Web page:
|Title||Reactive Power and GIC: the Problems of an Unrecognized Operationalist Measurement|
|Publication Type||Conference Paper|
|Year of Publication||2018|
|Authors||H. Kirkham, D.R. White|
|Conference Name||International Workshop on Applied Measurements for Power Systems (AMPS)|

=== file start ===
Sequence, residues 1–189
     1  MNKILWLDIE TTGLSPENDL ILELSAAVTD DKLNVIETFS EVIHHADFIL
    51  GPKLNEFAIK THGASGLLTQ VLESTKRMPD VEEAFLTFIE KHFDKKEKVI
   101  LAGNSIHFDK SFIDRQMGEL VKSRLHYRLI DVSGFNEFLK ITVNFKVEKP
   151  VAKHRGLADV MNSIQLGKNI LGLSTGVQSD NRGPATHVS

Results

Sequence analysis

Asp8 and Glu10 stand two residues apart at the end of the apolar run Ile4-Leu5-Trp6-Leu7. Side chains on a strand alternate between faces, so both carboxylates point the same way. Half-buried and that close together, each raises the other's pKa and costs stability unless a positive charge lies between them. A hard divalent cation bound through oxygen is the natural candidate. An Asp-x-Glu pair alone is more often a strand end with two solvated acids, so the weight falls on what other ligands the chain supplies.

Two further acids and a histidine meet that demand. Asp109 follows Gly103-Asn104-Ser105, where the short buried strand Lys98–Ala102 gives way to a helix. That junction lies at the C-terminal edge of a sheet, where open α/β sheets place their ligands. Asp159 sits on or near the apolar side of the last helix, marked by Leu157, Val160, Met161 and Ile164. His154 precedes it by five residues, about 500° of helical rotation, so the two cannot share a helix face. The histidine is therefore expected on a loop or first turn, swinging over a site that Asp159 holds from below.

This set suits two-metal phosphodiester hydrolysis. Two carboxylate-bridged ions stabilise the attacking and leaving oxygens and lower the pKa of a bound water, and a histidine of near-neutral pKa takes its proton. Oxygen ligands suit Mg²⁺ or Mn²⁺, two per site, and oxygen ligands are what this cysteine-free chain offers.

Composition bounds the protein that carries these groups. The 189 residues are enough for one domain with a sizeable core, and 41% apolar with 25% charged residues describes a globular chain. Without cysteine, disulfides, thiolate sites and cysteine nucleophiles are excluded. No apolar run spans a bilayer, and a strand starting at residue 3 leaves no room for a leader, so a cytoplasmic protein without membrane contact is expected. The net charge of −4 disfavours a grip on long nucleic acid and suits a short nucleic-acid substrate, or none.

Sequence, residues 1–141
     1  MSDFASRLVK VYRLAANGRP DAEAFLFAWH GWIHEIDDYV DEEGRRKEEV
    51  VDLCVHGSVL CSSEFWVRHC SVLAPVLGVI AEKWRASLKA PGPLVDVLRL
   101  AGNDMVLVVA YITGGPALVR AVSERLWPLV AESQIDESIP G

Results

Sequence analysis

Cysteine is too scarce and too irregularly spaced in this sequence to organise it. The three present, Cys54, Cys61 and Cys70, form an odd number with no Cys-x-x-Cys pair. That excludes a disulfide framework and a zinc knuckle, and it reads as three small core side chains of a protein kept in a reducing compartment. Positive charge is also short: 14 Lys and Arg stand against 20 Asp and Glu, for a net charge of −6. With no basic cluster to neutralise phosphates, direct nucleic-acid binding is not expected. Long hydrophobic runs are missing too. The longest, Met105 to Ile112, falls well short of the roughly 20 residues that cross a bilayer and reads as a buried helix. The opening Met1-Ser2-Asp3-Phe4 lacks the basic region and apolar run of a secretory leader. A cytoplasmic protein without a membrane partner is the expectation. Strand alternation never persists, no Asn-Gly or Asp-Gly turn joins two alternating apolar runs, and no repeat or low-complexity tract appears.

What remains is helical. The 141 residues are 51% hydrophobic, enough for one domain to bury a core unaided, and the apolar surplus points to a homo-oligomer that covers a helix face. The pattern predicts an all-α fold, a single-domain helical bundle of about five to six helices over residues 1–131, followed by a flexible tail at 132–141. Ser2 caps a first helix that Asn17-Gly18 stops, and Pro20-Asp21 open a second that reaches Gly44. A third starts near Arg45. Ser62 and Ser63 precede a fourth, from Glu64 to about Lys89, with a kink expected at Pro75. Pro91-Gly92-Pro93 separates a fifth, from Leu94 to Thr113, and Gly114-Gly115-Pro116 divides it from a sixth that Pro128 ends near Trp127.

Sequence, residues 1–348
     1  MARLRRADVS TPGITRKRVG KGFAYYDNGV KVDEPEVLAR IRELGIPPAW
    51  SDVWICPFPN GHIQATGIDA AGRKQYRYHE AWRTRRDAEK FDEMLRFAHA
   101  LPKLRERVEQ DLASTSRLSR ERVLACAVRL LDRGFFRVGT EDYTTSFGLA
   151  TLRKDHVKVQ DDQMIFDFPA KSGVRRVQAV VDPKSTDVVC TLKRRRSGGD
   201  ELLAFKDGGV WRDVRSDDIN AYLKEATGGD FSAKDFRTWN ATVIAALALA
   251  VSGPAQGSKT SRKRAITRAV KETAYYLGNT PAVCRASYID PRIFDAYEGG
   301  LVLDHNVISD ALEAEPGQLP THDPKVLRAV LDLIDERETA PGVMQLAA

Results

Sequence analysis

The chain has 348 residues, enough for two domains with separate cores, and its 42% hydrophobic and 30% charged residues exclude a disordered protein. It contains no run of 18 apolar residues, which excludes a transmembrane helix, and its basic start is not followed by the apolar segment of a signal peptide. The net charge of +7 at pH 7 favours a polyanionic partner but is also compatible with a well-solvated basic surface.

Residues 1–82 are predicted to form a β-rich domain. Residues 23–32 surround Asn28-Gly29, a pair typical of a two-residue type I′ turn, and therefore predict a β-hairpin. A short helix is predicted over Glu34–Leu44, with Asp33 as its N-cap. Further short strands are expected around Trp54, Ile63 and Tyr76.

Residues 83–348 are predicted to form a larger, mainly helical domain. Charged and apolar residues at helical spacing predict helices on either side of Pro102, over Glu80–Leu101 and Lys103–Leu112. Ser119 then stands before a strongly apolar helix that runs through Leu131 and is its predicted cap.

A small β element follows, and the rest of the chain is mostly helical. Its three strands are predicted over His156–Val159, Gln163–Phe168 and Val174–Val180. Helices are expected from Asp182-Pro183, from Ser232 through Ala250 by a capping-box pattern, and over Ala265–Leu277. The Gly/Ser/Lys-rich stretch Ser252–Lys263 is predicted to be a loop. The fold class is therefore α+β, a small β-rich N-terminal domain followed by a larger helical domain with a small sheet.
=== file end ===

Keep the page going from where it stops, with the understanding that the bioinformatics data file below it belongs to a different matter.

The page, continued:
This paper is written to raise awareness of an important problem in the area of transformers, reactive power and geomagnetically-induced currents. The problem is important because of the possibility of transformer failure leading to prolonged and widespread blackouts. An estimate by Lloyd's, an insurer, puts the risk of insurance losses at between 0.6and2.6 trillion in the event of a major geomagnetic storm. While the risk of this storm is low, the chances of our power system surviving it are simply not known. Those chances depend, to a large extent, on the definition and measurement of reactive power, a topic that has been the subject of a long and sometimes bitter debate. This paper contributes to a solution by explaining the definition problem and pointing a way to a solution. The solution relies on aspects of measurement theory that have been developed in the last half-century or so. Anyone concerned with GIC and reactive power, and in particular the impact on transformers, should not feel comfortable.